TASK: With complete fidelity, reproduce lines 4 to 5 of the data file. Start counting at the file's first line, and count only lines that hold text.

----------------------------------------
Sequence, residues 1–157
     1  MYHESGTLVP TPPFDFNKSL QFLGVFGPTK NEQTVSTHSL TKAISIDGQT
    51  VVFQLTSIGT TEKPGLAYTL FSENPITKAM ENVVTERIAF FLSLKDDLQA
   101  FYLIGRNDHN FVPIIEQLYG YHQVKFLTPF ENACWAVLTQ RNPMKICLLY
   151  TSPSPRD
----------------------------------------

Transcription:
   101  FYLIGRNDHN FVPIIEQLYG YHQVKFLTPF ENACWAVLTQ RNPMKICLLY
   151  TSPSPRD